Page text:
18th CES CEX keeps personnel safe during decon phase

Base Info
U.S. Air Force Airman 1st Class Zachary Paskovitch, 18th Civil Engineer Squadron emergency management responder, monitors the ground for contamination during a Mission Focused Exercise on Kadena Air Base, Japan, Jan. 30, 2014. Checking an area for contamination is the first step in setting up a contamination control area, where personnel are taken after they have become contaminated, and are decontaminated in a safe environment. (U.S. Air Force photo by Airman 1st Class Hailey R. Staker)
U.S. Air Force Airman 1st Class Zachary Paskovitch, 18th Civil Engineer Squadron emergency management responder, monitors the ground for contamination during a Mission Focused Exercise on Kadena Air Base, Japan, Jan. 30, 2014. Checking an area for contamination is the first step in setting up a contamination control area, where personnel are taken after they have become contaminated, and are decontaminated in a safe environment. (U.S. Air Force photo by Airman 1st Class Hailey R. Staker)

18th CES CEX keeps personnel safe during decon phase

by: Airman 1st Class Hailey Staker | .
Kadena Air Base | .
published: February 01, 2014

KADENA AIR BASE, Japan -- Airmen pull their gas masks out of their container, place them against their face, tighten the straps and ensure a tight seal has been made during a Mission Focused Exercise here Jan. 30.

Once the hoods of their individual protective equipment are tightened and their Kevlar helmets fastened, they proceed to check each other, ensuring proper wear of their IPE.

They sit in the truck and wait for another loud voice to come over the speakers sounding base-wide, a sign to begin their mission.

For the 18th Civil Engineer Squadron emergency management flight, this is just the beginning of the process to detect chemical agents within their area of the base. Once their sector has been checked, they proceed to a checkpoint and wait for further instruction.

A voice comes over the radio instructing each reconnaissance team to set up a contamination control area.

"The CCA is the entire area the decontamination is happening in," said Airman 1st Class Zachary Paskovitch, 18th CES emergency manager and responder. "The area consists of a cold zone, warm zone and hot zone. Normally when we set up a CCA, it should be along the border of a contaminated area, the warm zone will be the area where (Airmen) decontaminate and then they'll move into the cold zone, which is past the decontamination line where it's clean."

There are two types of CCAs, a hit-and-run CCA and a large scale CCA. A hit-and-run CCA is used in a situation where a Post Attack Reconnaissance team is contaminated, and can be set up within 30 minutes to process approximately two to four personnel. Large scale CCAs are able to process more than 50 personnel, in the event that an entire building is contaminated and all personnel have to be decontaminated.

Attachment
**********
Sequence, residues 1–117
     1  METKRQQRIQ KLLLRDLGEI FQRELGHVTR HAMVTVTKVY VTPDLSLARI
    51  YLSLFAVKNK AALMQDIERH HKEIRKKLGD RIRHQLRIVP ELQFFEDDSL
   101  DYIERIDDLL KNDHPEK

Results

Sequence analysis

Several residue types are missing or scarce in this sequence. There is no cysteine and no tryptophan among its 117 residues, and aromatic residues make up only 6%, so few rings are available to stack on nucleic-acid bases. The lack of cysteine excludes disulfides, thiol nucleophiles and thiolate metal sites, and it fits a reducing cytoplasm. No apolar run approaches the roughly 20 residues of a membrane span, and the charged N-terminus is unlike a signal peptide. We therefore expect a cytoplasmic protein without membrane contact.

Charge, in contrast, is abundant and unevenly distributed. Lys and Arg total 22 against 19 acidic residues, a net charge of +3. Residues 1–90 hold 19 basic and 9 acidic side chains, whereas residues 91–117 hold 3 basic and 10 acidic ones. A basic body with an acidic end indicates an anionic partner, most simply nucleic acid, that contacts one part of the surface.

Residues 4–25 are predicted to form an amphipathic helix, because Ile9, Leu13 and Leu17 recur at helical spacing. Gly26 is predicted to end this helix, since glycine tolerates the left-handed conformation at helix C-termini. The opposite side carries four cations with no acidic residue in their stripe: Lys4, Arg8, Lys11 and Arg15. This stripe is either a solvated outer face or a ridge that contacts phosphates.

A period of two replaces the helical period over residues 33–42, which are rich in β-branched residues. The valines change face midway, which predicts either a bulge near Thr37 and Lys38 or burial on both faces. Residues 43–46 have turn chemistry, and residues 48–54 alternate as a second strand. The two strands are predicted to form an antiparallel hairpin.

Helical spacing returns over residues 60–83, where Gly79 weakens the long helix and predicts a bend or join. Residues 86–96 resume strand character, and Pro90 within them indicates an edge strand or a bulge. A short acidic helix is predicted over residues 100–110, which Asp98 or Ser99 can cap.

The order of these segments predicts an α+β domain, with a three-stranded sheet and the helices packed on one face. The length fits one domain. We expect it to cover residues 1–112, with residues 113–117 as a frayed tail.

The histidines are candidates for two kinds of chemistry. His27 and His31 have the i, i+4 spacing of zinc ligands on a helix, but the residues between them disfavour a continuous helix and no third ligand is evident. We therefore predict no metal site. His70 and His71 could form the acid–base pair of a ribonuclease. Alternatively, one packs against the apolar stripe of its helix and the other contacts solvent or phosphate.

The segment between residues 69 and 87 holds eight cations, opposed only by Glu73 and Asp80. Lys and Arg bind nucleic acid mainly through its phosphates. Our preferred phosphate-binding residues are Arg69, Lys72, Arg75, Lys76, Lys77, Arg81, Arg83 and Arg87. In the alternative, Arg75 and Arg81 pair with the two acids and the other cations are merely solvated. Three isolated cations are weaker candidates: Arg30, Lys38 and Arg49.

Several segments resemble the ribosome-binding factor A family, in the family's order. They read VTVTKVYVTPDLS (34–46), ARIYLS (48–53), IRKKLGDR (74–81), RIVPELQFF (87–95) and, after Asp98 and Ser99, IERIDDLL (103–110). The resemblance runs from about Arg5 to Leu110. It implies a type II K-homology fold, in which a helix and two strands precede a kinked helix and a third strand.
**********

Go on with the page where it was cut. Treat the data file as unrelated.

"These are important because whenever a person becomes contaminated, they cannot get out of their gear until we safely monitor and remove their gear from them," Paskovitch said. "The process of decontaminating people who have been contaminated is to initially monitor them, watch them take off their external IPE, watch them wash their hands, take off their boots and suits, give them a final monitor before removing their masks and then send them home."

Ensuring personnel are properly decontaminated impacts the mission of the base when personnel have been taken away from duty.

"In a real world situation where people do become contaminated on this base, we need to make sure we're up to speed and able to get them out of that gear and issue them new gear very fast so they can get right back to working and continue the mission," Paskovitch said. "If we couldn't do this then they couldn't continue the mission until they were out of gear some other way."

Paskovitch added that one difference between previous exercises and the current MFE was how often their teams have set up CCAs.

Staff Sgt. Christopher Gapetz, 18th Wing Inspection Team member, said this training is important for the base because it's not something people see every day.

"The decontamination process is a lengthy process, nobody really sees that until they come out here and fundamentally do that," Gapetz said. "Repetition for the decon process is imperative for force survivability, you go from a possibly contaminated environment to a clean area, you want to make sure it's a lock step procedure to ensure our personnel are taken care of and there is no cross contamination occurring."

Gapetz said, from an emergency management perspective, repetition has awarded an opportunity to exercise capabilities and shows the base what 18th CES emergency management responders bring to the table.